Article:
To Dual or Not to Dual

ford
f100

#1

I have a 1969 Ford F100 that has a 360 in it. The exhaust has seen it’s better days. Right now it’s a single pipe out to back.



I was considering doing dual exhaust on it and maybe some Flowmaster chambers. Wouldn’t dual exhaust help a BB Ford breathe better? If there’s no real significant improvement, i oughtta stay with the single.



I don’t want it super loud, so I was considering Flowmaster chambers. I’ve had a 40 or 50 Series on my Mustang and it was just right. Do “Turbo” exhaust chambers kinda sound the same. Descriptions allude to “quiet smooth tone”.



I have heard that kits that you can order that fit that specific year, engine, etc. doesn’t always fit. Muffler shop told me this. I was looking at a Dual Turbo Exhaust system in LMC Ford magazine for $220.00 plus frieght. Has anyone had good experience with after market “bolt ons”?



Thanks for your time. Hope I supplied all needed info.

Take Care & God Bless


#2

A bolt on exhaust system will probably be a pain if you have never done exhaust work before. You should definitely be sure your manifold studs are in good shape, or bolt some headers on there so you have something new to work with. A sawzall will definitely come in handy for removing the old stuff and possibly cutting the new stuff to fit. Like you heard, they don’t always bolt up out of the box. If you are going all the way to the back bumper, you will also need to watch out for clearance with your rear axle, shocks, fuel lines, and brake hose.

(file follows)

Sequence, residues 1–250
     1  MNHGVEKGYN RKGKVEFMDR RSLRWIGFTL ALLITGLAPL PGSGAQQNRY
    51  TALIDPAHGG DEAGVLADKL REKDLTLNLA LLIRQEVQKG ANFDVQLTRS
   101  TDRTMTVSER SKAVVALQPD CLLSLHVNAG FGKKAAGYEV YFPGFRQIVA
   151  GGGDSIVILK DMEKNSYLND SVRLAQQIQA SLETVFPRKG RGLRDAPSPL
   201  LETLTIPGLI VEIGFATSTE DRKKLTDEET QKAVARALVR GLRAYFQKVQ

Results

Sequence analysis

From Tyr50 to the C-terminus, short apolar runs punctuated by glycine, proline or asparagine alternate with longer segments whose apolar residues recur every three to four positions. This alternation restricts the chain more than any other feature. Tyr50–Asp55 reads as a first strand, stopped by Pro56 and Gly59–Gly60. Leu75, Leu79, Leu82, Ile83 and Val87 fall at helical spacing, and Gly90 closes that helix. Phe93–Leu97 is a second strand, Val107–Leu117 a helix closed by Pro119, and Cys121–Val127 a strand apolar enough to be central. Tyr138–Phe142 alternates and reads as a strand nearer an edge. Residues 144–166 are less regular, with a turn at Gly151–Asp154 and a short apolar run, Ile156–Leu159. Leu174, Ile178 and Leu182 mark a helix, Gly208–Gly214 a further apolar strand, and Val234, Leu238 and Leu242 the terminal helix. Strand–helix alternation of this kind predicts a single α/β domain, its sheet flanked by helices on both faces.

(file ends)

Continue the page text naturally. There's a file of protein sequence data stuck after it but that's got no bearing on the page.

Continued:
An alternative to consider would be to bolt on a set of headers and take the truck to an exhaust shop. You will (should) get a professional grade, fully custom system for about the same money. You could possibly save some money by reusing your manifolds as well. A good exhaust guy or gal will be able to install new studs unless they are really bad. For similar or a little more money, you could have it done for you and not have to deal with the hassle. Some shops can also get a good, generic alternative to Flowmaster mufflers that sound the same, but for half the cost.

Here’s a catalog of mufflers I used to install quite a bit. They sound and are built like Flowmasters, but are much less expensive. Most any good exhaust shop orders from this company and can get you what you need. Xlerator, VX, and VR are the lines you will be looking at.


#3

On the older vehicles like this engine performance and even mileage can be improved a bit with true dual exhausts.